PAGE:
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The Solution IS the Problem!

Why Safety Behaviours Don’t Make You Safe

The solution IS the problem describes how ‘safety-seeking’ or ‘avoidance behaviours’ that people commonly ‘create’ in order to make themselves feel ‘safe’ from their particular problem almost always creates more problems rather than make them feel ‘safer’.

This is a well known paradox – in other words, the ‘way’ that people tend to try and ‘solve’ their problems usually ends-up being more of a problem than the original ‘fear’.

Strategies for Avoiding Sickness Bugs – an Example

People who suffer with Emetophobia (fear of vomiting) tend to develop a very significant fear that catching a sickness bug will inevitably mean that they will be sick and that they will not be able to cope with it, because being sick is ‘the worst thing in the World’.

As a result of this belief they will usually develop a range of ‘safety behaviours‘ and ‘strategies’ designed to minimise the risk of encountering any sickness bugs. It’s difficult to argue with the logic here when you think about it. If a sickness bug will definitely make you sick, and being sick is the worst thing that you can possible imagine, then you SHOULD do everything that you can to avoid catching one.

OK, so let’s consider some of the types of things that we can do to avoid catching one of these bugs….

  1. Stay away from anybody that says they have been ill, or feels ill – although its impossible to know if they actually DO have a sickness bug inside them that you will catch, there’s obviously a chance that they could have, so it makes perfect sense to avoid anybody at all who falls into this criteria.
  2. Stay away from anybody who has been in close contact with anybody else who has been ill – again, its impossible to know if the sickness bug may have ‘migrated’ into the people in question, but you can only be 100% sure by staying well away from anybody who falls into this criteria as well.
  3. Be particularly vigilant about friends who have young children – let’s face it, young children are ‘always’ picking up bugs at school or when playing with other kids – so it’s important to listen out especially carefully to friends who have small kids and who mention that their kids might have felt a bit ‘unwell’ in the last week or so – chances are they they will pass this bug onto your friends who will then give it to you. If in doubt, stay away from people you know who have young children.
  4. Use hand sanitising products frequently – sickness bugs could be all around and people are always touching door handles, taps and so on. It make be impossible to ‘not’ touch some of these ‘contaminated’ things so keeping hand gels (and other decontamination products) with you at all times is a really smart move. And don’t forget to use them EVERY SINGLE time you touch something that another human being could have touched (even if you’re not sure that anybody HAS touched it).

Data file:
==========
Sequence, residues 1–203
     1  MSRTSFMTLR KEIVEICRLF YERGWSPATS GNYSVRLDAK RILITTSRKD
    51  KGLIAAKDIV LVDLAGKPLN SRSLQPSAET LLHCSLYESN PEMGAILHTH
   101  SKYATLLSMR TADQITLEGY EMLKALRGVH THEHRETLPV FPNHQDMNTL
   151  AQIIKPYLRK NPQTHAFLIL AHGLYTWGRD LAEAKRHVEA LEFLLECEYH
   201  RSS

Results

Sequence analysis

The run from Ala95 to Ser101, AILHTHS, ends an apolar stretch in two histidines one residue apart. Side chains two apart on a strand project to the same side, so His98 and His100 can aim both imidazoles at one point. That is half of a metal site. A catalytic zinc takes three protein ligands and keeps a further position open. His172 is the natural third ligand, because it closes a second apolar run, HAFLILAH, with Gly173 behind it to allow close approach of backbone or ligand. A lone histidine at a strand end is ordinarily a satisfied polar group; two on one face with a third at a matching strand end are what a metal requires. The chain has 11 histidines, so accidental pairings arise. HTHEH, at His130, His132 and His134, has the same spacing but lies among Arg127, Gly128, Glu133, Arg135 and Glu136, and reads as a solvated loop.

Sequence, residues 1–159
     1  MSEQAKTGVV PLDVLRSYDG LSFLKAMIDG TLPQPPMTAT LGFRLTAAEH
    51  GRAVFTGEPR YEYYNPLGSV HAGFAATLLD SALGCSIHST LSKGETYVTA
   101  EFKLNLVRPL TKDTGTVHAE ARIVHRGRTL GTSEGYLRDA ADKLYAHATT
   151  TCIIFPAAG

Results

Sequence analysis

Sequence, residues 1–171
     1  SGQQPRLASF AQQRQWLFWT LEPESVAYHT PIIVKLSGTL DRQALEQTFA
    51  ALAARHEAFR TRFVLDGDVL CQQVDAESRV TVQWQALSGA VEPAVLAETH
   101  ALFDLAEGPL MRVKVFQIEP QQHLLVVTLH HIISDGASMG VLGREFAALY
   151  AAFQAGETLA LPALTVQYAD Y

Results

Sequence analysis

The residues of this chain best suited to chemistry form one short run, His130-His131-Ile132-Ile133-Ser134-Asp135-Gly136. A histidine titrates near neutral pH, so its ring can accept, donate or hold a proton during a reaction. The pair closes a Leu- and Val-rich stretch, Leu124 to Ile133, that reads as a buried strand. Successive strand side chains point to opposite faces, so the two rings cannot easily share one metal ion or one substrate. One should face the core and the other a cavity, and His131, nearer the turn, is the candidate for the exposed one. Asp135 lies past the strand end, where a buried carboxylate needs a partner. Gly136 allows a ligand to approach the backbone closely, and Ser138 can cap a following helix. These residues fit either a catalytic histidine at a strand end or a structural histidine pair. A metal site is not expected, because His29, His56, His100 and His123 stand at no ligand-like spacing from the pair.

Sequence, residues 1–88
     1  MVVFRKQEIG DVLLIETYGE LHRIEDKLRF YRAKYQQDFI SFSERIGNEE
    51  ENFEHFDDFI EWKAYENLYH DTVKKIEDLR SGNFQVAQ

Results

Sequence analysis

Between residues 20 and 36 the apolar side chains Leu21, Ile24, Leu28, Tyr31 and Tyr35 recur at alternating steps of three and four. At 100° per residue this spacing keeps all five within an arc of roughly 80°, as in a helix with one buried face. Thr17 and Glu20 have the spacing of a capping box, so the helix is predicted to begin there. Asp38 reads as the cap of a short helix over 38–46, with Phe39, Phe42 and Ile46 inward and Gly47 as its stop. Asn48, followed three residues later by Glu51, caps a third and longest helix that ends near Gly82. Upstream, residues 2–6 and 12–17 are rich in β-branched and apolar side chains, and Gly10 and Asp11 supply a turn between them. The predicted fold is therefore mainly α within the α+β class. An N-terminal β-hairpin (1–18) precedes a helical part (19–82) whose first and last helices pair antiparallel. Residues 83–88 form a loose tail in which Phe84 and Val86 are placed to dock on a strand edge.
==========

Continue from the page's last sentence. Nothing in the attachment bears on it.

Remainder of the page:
As you can see, these are just a few of the safety behaviours that you could ‘deploy’ in order to reduce your risk of catching a sickness bug. There are obviously MANY more strategies that you could come up with to minimise risk.

Outcomes Versus Costs

Stepping back for a short moment, let’s just think about why we would want to use these safety behaviours in the first place.

Well, the original idea is that if we were ‘sick’ that it would be ‘so bad’ that we could not cope (the worst thing in the World). In other words we would feel ‘so bad’ that the feeling of (presumably) Anxiety would be so intense that it should be avoided at ALL costs.

So in a sense, avoiding sickness bugs will help us to reduce, or avoid, having to experience that horrible feeling of Anxiety (that would be associated with actually being sick).

Therefore, the desired outcome is ‘no anxiety’.

OK, that seems to makes sense.

HOWEVER, and here’s the real problem, spending hours worrying about and avoiding the people who you ‘encounter’ during your normal day who (1) have been ill recently, (2) might know somebody who might have been ill recently, (3) have been anywhere near somebody else who might have been ill recently, (4) has or knows somebody with young children, (5) has touched a contaminated door handle in the last few days, is almost certainly making you feel anxious almost ALL DAY LONG.

The ‘cost‘ of getting the desired outcome (no anxiety) is that you feel anxious 24 hours a day by trying to keep all the safety behaviours up and running.

So, by trying to avoid feeling anxious you use strategies that MAKE you anxious. The solution is the problem, or has become the problem!

Its like trying to reduce a headache by hitting yourself on the head with a bat – it’s NEVER going to solve the problem!

So What’s Going Wrong Here?

On a certain level, each of the safety behaviours makes sense if being sick is the ‘worst thing in the World’ – and here is where the problem lies. The safety behaviours are all logical, its just that the whole reason for ‘performing’ these safety behaviours is based on the fundamental idea that being sick is really bad, which is a ‘distorted’ belief.

Of course, nobody says being sick is ‘pleasant’, but would you really agree that feeling anxious 365 days of the year is worth it to avoid 30 seconds (or less) of unpleasantness?

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